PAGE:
May 27, 2011
Writing about web page http://www.rsc.org.uk/whats-on/merchant/
Rupert Goold's new production of The Merchant of Venice for the RSC has already caused something of a stir in the press, dividing critics and audiences alike. Despite the presence of a star name in Patrick Stewart in the cast, this was not the traditional Merchant that many may have hoped for, but rather a full-scale reinvention of the play that offered an ugly, frank, hysterical and provocative presentation of alternative issues thrown up by this problematic play.
The production was set in Las Vegas, with the audience arriving to find a casino evening already in full swing, presided over by an icon of a busty table girl splayed out as if a crucifix. Money was this production's church, and an ensemble of American tourists were already hard at the craps table. A live big band kept up a rollicking underscore, building in volume and speed until Jamie Beamish rose from the masses, a Launcelot Gobbo as Elvis impersonator, who launched into "Viva Las Vegas" accompanied by a bevy of scantily clad dancers. The tone was set for the evening - noisy, brash, colourful and irreverent. Beamish's Launcelot burst into song throughout the production with covers of old standards, keeping the crowd entertained and the atmosphere light; yet as a more sombre mood began to permeate the performance, so did the songs begin tending towards ballads and a darker sensibility.
The company made a huge effort to make the concept coherent. All the cast put on American accents, some with more success than others - Howard Charles and Aidan Kelly were wonderful Brooklynites as Gratiano and Solanio, while Portia and Nerissa were note perfect as Southern belles. Others were horrendous, and Scott Handy in particular, as Antonio, kept slipping between his native and adopted dialects. The frustration is that English accents wouldn't have been a stretch for an audience willing to buy into the conceit. Shakespeare sounds wonderful in natural American accents, but to watch English actors concentrating so hard and internalising their performance in order to get a voice right was deeply irritating, and meant that less effort went into the performances themselves. It wasn't a fatal flaw, but one wished that the actors had just used their natural accents.
Locations were intelligently re-set. Shylock, Solanio and Salerio met in an cafe where hookers were taking their morning coffee; the masquers rode to meet Jessica in a mimed car with blaring rap music; deals were struck in the lavish offices of casino managers; one beautiful sequence saw the Sallies discussing Antonio's fall in an elevator with other characters coming and going; Antonio was arrested by Shylock at the Cirque du Soleil, where the merchant was hiding in the front row of the Royal Shakespeare Theatre while a trapeze artist twirled above; and Launcelot battled his conscience while sitting on a slot machine stool, while two PVC-clad women in white and red acted out Conscience and the Fiend. There was an issue of too much time going into ingenious settings and not enough into the dynamics of the scenes themselves - when the stage finally quietened to allow dialogue scenes of two or three characters talking, the play felt comparatively flat and under-rehearsed. As the play went on, though, the nuances of the performances began to manifest themselves.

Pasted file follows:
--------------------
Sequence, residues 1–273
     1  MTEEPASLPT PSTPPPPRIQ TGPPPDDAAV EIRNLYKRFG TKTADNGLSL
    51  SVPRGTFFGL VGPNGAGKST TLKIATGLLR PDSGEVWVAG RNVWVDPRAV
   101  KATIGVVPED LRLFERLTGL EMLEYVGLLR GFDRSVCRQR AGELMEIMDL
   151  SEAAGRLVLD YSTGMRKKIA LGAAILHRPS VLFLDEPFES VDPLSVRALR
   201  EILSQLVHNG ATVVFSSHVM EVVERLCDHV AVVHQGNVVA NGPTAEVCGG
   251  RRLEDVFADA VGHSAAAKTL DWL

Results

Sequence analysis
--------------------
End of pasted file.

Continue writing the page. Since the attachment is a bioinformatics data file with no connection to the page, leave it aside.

The most fascinating aspect of the conceit was the recasting of Belmont as a TV reality show called "Destiny", which aimed to marry off Portia live on air. Susannah Fielding was the blonde star, Emily Plumtree the programme's host, and the two were surrounded by video screens, cameras and backstage flunkies. The two women sat on a sofa and spoke in deliberately affected tones, pausing for canned laughter and groans as they reported the characters of the suitors. Each "episode" ended with the two speaking a catchphrase direct to camera. The deliberate superficiality of the format gave a satiric slant to the sequences, but darker elements could gradually be viewed beneath. As Chris Jarman's Morocco, a boxer, jogged on stage, hecklers threw bananas at him in an ugly moment of racism; but far more troubling were Portia and Nerissa's own fixed grins as they stared pointedly ahead towards the camera. As soon as Morocco left and the studio lights clicked off, Portia's face collapsed and she shuddered as she wished that none of his complexion might ever win. The latent racism in the character extended to the extremely patronising treatment of Caroline Martin's Jessica, to whom Portia spoke as if a little child. Nerissa and Portia aimed to give Jessica a makeover, but this particular session ended with Jessica storming out eating the cucumber which had previously been resting on her eyes. Jason Morell's Arragon, meanwhile, was a Mexican cleaner who was beckoned by a stage hand onto the set, dressed up and forced to perform and wave gormlessly at the cameras.